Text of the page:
Home » Advocacy » 10 years with lung cancer. Grateful for the ride.

10 years with lung cancer. Grateful for the ride.

Exactly 10 years ago today, I was diagnosed with lung cancer.

It’s been a wild ride thus far. When I was diagnosed in 2011, the majority of lung cancer patients died within a year of diagnosis. I was considered curable, so I had chemotherapy combined with radiation. My cancer grew immediately when I stopped treatment. I had more chemo, followed by more radiation, but again my cancer grew immediately after I stopped treatment. You can read more details about my cancer ups and downs elsewhere on this blog, so I’ll keep the history brief. The upside is that I learned about clinical trials and biomarker testing from patients in online lung cancer communities, got my tissue tested for biomarkers, and joined a clinical trial for ROS1+ cancer.

I’ve been on the same oral cancer treatment (a targeted therapy pill) for over eight years with no sign of cancer on my scans.

I’ve run the gamut of emotions over those 10 years. Some days I felt horrible physically and/or emotionally. A very few moments, I felt hopeless.

Today, however, the predominant feeling is gratitude. Gratitude for the healthcare providers who took care of me. Gratitude for more time for life with family and friends. Gratitude that I was able to watch my son mature and build an independent life. Gratitude that I was diagnosed during a revolution in lung cancer research that generated new treatments, measurably increased lung cancer survival, and gave me a relatively normal life despite metastatic lung cancer. Gratitude for the growing community of lung cancer patients and advocates, and the deep friendships formed therein. Gratitude that I’ve found a new calling as a cancer research advocate.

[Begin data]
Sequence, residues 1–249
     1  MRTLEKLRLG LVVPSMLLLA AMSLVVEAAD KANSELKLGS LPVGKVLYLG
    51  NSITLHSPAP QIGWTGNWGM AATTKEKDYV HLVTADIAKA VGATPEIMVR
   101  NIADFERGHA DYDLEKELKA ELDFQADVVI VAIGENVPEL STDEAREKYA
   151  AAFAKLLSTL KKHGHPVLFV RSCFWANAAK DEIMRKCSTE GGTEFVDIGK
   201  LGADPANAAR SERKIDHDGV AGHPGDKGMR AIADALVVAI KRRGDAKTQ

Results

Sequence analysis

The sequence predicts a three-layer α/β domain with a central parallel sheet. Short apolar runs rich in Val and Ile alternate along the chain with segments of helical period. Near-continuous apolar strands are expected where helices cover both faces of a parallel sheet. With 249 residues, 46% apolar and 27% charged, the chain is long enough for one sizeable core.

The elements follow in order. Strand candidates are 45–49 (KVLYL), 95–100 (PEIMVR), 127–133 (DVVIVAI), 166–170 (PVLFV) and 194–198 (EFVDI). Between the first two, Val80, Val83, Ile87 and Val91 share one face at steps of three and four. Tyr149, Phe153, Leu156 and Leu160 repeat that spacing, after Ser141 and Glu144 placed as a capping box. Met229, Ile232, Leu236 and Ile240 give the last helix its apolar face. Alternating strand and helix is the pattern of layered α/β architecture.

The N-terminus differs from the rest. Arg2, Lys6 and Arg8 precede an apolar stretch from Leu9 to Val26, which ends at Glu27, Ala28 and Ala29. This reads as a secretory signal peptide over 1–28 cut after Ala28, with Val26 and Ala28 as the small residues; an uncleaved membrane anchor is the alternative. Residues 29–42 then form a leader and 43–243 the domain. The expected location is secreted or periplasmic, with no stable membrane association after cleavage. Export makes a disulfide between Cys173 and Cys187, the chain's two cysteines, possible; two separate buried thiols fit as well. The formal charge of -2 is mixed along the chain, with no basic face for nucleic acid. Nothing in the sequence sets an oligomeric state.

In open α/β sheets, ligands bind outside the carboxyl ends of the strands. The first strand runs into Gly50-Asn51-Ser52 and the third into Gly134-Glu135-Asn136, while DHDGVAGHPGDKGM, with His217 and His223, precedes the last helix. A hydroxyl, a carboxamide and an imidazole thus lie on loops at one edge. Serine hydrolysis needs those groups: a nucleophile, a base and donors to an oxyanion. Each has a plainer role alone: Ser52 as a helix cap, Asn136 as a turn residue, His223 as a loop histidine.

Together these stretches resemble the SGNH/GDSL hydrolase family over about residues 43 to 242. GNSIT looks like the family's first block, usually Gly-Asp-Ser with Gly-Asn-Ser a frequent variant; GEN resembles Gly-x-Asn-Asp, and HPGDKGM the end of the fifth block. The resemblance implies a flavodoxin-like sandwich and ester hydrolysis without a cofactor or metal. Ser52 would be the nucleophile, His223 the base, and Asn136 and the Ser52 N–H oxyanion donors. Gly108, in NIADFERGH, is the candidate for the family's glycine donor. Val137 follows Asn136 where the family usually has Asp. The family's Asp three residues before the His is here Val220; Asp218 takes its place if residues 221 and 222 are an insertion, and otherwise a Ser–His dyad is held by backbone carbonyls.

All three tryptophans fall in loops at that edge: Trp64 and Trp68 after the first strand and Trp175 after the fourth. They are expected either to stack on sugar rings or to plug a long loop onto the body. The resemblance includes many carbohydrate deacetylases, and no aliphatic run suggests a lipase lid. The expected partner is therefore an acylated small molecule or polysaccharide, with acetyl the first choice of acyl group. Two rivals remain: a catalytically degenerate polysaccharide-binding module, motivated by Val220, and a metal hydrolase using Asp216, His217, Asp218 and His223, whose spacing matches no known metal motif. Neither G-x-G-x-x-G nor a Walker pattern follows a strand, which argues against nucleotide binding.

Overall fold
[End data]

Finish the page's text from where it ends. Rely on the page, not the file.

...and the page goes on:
Especially, I feel gratitude that I have been able to make a difference in the lives of other patients in those 10 years. My current focus is on supporting two programs I cofounded: the IASLC STARS program (which helps lung cancer patient advocates evolve into research advocates), and The ROS1ders (a nonprofit that aims to improve outcomes for ROS1+ cancer patients like me).

If you want to help me celebrate surviving 10 years, please consider donating to The ROS1ders. You’ll be helping me in my research advocacy work, as well as helping find better treatments and care for my cancer. I truly appreciate any support you can give. Just click here: Janet’s fundraiser for The ROS1ders

Exactly 10 years ago today, I was diagnosed with lung cancer. Today I’m going to walk in the sun and revel in the life blooming all around me. My lease on life is renewed yet again. I’ll hold on and ride it as long as it lasts.

Image credits:
Rollercoaster: © Helioshammer | Dreamstime.comRoller Coaster Photo
Scrabble image: public domain
Flowers: Janet Freeman-Daily

6 thoughts on “10 years with lung cancer. Grateful for the ride.

  1. Celebrating your life, Janet. So glad you’ve been here for the ride, so clearly articulated above. Best wishes for the continuing journey!


  2. Dear Janet, I have been following you since 5 years when I got diagnosed with Lung cancer. Right from the beginning you have been a great inspiration for me, a role model on how to live a life with such a diagnosis and the fountain of hope for this journey.

    Thank you for all your efforts for pushing cancer research, for your job as an advocate, for giving hope and advice. Your help reaches people all over the world.


    Best regards from Vienna



  3. Dear Janet,
    I just followed your blog while browsing through ROS1ders. Thank you for starting patient advocacy group like ROD1ders. My wife was diagnosed at a young age of 29 years old for lung cancer. I was devastated and at a lost but joining patient advocacy and support groups made me felt better. Just knowing that there are other patients out there with the same illness and fighting on puts my wife and I abit more comfort. Coming together as a patient group, sharing and caring is really a good cause!
    You are absolutely right that we are living in this era whereby lacking in lung cancer research funding and the stigma of lung cancer always associated with smoking is being addressed. My wife and I have really benefited from scientific advancement. She is doing very well with no signs of cancer from scans now. But definitely more can be done to aid early cancer detection, prevention and treatment.
    Thank you for penning down your gratitude. It was a lovely read. More 10 years to look forward to!

    Warm regards,
    Lee Jun Yu


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